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Are survival and mortality rates associated with recruitment to clinical trials in teenage and young adult patients with acute lymphoblastic leukaemia? A retrospective observational analysis in England

Hough, R; Sandhu, S; Khan, M; Moran, A; Feltbower, R; Stiller, C; Stevens, MCG; ... McCabe, MG; + view all (2017) Are survival and mortality rates associated with recruitment to clinical trials in teenage and young adult patients with acute lymphoblastic leukaemia? A retrospective observational analysis in England. BMJ Open , 7 (10) , Article e017052. 10.1136/bmjopen-2017-017052. Green open access

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Abstract

OBJECTIVE: Participation rates in clinical trials are low in teenagers and young adults (TYA) with cancer. Whilst the importance of clinical trials in informing best practice is well established, data regarding individual patient benefit are scarce. We have investigated the association between overall survival and trial recruitment in TYA patients with acute lymphoblastic leukaemia (ALL). DESIGN: Retrospective. SETTING: National (England) TYA patients treated for ALL. PARTICIPANTS: 511 patients aged 15–24 years diagnosed with ALL between 2004 and 2010 inclusive, of whom 239 (46.7%) participated in the UKALL2003 trial. OUTCOME MEASURES: Patients were identified using National Clinical Trial (UKALL2003) and Cancer Registry (National Cancer Data Repository, English National Cancer Online Registration Environment) Databases. Relative survival rates were calculated for trial and non-trial patients and observed differences were modelled using a multiple regression approach. The numbers and percentages of deaths in those patients included in the survival analysis were determined for each 3-month period, p values were calculated using the two-tailed z-test for difference between proportions and 95% CIs for percentage deaths were derived using the binomial distribution based on the Wilson Score method. RESULTS: Patients treated on the trial had a 17.9% better 2-year survival (85.4% vs 67.5%, p<0.001) and 8.9% better 1-year survival (90.8% vs 81.9%, p=0.004) than those not on the trial. 35 (14.6%) patients recruited to the trial died in the 2 years following diagnosis compared with 86 (32.6%) of those not recruited (p<0.001). CONCLUSIONS: TYA patients recruited to the clinical trial UKALL 2003 in England had a lower risk of mortality and a higher overall survival than contemporaneous non-trial patients. These data underline the potential for individual patient benefit in participating in a clinical trial and the importance of international efforts to increase trial participation in the TYA age group.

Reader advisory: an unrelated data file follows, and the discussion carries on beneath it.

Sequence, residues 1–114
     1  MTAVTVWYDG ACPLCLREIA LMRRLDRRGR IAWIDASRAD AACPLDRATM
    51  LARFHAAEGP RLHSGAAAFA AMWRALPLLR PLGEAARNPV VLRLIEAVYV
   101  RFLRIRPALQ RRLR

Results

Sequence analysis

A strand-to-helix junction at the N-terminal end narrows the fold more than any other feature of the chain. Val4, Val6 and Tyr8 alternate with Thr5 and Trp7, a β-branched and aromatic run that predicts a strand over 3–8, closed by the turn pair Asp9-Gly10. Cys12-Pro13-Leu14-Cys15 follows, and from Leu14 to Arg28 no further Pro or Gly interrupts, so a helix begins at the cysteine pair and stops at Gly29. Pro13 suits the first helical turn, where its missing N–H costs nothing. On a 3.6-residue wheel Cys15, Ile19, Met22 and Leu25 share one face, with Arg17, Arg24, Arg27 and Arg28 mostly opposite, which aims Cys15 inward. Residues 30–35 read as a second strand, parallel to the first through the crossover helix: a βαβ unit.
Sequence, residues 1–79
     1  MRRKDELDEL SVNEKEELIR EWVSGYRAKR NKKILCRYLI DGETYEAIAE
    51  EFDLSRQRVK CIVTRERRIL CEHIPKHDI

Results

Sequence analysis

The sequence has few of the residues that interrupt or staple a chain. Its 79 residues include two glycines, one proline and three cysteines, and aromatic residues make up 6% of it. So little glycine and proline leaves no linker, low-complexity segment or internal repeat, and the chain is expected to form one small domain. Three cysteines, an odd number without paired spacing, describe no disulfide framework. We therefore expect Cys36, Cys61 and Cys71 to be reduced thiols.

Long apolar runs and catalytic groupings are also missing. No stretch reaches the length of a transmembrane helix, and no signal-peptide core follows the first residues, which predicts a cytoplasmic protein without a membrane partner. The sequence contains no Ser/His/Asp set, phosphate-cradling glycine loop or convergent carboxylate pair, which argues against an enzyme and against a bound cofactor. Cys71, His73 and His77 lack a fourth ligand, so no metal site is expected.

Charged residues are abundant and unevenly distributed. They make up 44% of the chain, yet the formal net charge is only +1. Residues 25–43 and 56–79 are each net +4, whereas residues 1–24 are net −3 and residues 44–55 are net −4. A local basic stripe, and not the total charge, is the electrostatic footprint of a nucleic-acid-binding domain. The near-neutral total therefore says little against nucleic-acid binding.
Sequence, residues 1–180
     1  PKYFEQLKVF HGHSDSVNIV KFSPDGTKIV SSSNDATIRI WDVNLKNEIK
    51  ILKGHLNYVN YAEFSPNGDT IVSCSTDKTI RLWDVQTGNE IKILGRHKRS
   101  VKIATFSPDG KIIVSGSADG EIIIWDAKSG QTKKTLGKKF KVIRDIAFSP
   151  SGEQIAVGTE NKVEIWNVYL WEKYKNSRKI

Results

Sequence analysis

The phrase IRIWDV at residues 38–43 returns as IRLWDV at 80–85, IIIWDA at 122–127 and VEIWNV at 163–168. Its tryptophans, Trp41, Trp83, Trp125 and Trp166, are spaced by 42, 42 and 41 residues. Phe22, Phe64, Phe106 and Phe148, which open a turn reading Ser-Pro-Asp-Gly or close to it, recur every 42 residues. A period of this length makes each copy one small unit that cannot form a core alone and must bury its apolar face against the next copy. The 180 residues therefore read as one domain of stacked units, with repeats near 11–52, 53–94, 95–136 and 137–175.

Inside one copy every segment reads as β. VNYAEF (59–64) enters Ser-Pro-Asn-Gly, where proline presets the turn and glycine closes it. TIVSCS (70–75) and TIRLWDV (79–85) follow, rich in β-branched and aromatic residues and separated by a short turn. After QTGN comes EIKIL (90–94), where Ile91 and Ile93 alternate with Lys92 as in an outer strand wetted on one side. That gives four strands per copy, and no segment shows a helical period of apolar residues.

Type: Article
Title: Are survival and mortality rates associated with recruitment to clinical trials in teenage and young adult patients with acute lymphoblastic leukaemia? A retrospective observational analysis in England
Open access status: An open access version is available from UCL Discovery
DOI: 10.1136/bmjopen-2017-017052
Publisher version: http://dx.doi.org/10.1136/bmjopen-2017-017052
Language: English
Additional information: This is an Open Access article distributed in accordance with the Creative Commons Attribution Non Commercial (CC BY-NC 4.0) license, which permits others to distribute, remix, adapt, build upon this work non-commercially, and license their derivative works on different terms, provided the original work is properly cited and the use is non-commercial. See: http://creativecommons.org/licenses/by-nc/4.0/
Keywords: Science & Technology, Life Sciences & Biomedicine, Medicine, General & Internal, General & Internal Medicine, RANDOMIZED CONTROLLED-TRIAL, UKALL 2003, CANCER, ADOLESCENTS, CHILDREN, PARTICIPATION, ENROLLMENT, PATTERNS, OUTCOMES, THERAPY
UCL classification: UCL
UCL > Provost and Vice Provost Offices > School of Life and Medical Sciences
UCL > Provost and Vice Provost Offices > School of Life and Medical Sciences > Faculty of Medical Sciences
UCL > Provost and Vice Provost Offices > School of Life and Medical Sciences > Faculty of Medical Sciences > Cancer Institute
UCL > Provost and Vice Provost Offices > School of Life and Medical Sciences > Faculty of Medical Sciences > Cancer Institute > Research Department of Haematology
URI: https://discovery.ucl.ac.uk/id/eprint/10059663
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